A New Jersey district court recently denied a motion to dismiss Talone, et. al. v. The American Osteopathic Association, an antitrust class action. The suit alleges that the physician association violated the Sherman Act by illegally tying osteopaths’ board certification to association membership. The defendant association moved to dismiss, arguing that plaintiffs, a group of affected doctors, had failed to allege sufficient facts to demonstrate foreclosure of competition or antitrust injury. This alert reviews plaintiffs’ claims, the association’s arguments against them, and the court’s denial of the association’s motion to dismiss.
Written by: Nili Yolin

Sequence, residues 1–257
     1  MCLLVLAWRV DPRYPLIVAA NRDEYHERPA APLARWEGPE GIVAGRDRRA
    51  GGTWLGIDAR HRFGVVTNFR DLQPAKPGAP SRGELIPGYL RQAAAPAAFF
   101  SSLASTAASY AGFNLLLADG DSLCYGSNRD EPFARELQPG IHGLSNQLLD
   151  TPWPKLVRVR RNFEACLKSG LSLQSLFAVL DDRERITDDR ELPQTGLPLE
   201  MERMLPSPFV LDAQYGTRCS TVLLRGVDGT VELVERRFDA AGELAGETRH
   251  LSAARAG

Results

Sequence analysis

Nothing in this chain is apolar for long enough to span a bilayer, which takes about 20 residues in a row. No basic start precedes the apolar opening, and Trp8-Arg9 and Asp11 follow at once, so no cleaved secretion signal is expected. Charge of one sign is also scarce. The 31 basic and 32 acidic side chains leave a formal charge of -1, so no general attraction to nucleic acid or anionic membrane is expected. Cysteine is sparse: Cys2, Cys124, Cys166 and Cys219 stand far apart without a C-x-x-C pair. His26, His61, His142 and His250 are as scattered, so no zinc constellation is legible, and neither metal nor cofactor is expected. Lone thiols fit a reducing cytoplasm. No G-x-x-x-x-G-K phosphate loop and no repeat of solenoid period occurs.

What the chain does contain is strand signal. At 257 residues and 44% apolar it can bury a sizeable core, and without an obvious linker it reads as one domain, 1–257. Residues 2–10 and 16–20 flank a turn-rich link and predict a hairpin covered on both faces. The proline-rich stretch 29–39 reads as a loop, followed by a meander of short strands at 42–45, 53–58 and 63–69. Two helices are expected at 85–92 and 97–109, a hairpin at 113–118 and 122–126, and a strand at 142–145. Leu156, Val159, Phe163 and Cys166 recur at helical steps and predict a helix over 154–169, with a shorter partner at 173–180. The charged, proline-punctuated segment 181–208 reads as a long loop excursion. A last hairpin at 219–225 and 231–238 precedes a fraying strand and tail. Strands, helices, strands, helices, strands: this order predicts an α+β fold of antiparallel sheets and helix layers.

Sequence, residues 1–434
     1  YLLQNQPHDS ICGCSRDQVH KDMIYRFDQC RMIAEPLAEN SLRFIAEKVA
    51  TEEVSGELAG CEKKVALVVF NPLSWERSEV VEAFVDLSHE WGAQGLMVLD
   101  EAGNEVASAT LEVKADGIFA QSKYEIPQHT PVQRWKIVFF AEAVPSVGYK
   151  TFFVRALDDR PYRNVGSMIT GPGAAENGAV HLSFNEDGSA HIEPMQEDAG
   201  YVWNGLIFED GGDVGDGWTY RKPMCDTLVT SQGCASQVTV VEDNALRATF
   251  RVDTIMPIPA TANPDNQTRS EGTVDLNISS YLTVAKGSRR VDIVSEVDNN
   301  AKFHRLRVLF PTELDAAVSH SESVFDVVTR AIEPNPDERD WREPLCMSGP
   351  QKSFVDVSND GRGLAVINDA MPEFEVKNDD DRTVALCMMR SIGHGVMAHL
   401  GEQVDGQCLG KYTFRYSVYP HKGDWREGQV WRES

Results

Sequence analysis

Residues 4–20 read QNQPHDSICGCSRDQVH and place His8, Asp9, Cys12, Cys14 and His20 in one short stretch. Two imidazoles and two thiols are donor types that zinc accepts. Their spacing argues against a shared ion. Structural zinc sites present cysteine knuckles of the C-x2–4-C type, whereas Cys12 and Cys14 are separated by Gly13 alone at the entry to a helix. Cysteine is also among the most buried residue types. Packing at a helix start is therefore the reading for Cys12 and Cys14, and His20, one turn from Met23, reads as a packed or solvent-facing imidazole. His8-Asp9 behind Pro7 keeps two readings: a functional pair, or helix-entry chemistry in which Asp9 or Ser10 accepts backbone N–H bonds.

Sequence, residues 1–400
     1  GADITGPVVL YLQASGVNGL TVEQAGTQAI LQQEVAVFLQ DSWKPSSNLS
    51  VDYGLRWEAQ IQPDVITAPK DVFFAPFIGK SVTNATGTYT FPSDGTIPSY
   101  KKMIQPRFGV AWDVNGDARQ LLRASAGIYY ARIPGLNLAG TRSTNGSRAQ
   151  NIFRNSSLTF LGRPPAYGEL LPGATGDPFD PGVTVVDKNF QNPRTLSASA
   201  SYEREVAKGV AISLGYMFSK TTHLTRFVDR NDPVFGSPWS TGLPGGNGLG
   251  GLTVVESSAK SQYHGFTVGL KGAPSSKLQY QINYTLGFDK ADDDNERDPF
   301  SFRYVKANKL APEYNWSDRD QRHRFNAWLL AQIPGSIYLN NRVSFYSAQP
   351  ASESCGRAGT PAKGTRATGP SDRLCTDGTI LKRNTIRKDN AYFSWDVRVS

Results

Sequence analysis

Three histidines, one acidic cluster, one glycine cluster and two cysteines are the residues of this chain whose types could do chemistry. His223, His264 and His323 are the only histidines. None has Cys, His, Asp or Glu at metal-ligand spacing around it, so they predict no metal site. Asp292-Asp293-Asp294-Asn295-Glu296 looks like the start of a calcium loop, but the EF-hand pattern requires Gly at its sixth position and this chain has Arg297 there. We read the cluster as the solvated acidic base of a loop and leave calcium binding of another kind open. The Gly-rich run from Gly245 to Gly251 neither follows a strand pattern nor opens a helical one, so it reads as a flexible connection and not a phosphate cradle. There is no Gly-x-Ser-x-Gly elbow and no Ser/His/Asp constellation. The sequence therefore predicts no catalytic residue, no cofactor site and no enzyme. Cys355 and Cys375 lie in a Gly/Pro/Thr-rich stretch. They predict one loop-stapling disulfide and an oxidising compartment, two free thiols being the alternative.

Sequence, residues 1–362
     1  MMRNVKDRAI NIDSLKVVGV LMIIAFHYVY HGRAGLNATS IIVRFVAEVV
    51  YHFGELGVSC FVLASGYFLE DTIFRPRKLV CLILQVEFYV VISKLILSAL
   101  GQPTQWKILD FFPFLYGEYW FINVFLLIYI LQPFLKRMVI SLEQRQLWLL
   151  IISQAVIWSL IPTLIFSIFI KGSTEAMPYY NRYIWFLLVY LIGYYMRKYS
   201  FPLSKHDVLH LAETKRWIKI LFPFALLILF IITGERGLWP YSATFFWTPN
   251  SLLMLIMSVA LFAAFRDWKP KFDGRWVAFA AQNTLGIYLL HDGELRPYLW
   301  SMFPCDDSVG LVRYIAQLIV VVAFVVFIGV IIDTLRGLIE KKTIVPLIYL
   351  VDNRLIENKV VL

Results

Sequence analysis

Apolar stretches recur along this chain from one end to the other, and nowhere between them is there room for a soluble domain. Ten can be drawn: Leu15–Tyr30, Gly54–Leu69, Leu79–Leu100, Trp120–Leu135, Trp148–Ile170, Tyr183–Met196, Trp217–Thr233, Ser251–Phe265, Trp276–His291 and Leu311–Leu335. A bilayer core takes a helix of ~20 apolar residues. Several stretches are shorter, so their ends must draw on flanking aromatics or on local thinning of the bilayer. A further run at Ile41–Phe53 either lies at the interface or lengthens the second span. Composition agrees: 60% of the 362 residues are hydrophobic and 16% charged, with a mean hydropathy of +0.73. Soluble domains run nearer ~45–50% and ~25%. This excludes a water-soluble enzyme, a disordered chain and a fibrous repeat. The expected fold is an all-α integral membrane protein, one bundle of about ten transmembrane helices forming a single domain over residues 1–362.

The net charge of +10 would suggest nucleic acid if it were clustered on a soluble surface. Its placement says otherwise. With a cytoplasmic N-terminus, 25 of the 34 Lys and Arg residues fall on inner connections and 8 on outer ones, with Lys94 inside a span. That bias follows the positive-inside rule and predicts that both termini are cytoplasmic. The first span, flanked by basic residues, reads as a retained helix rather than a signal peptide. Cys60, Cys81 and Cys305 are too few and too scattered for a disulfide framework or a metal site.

The Accreditation Council for Graduate Medical Education (ACGME), American Osteopathic Association (AOA), and the American Association of Colleges of Osteopathic Medicine (AACOM) will be forming a unified, single accreditation system for allopathic and osteopathic physicians in 2015. First announced in October 2012, the three governing boards finally approved the framework for implementing a single accreditation system last month, which calls for the AOA and AACOM to become member organizations of the ACGME, thereby allowing the ACGME to accredit all osteopathic graduate medical education programs that are currently accredited by the AOA. In so doing, osteopathic physicians (DOs) training in AOA-accredited residency programs will be able to transfer into ACGME-accredited residencies without having to repeat any years of training.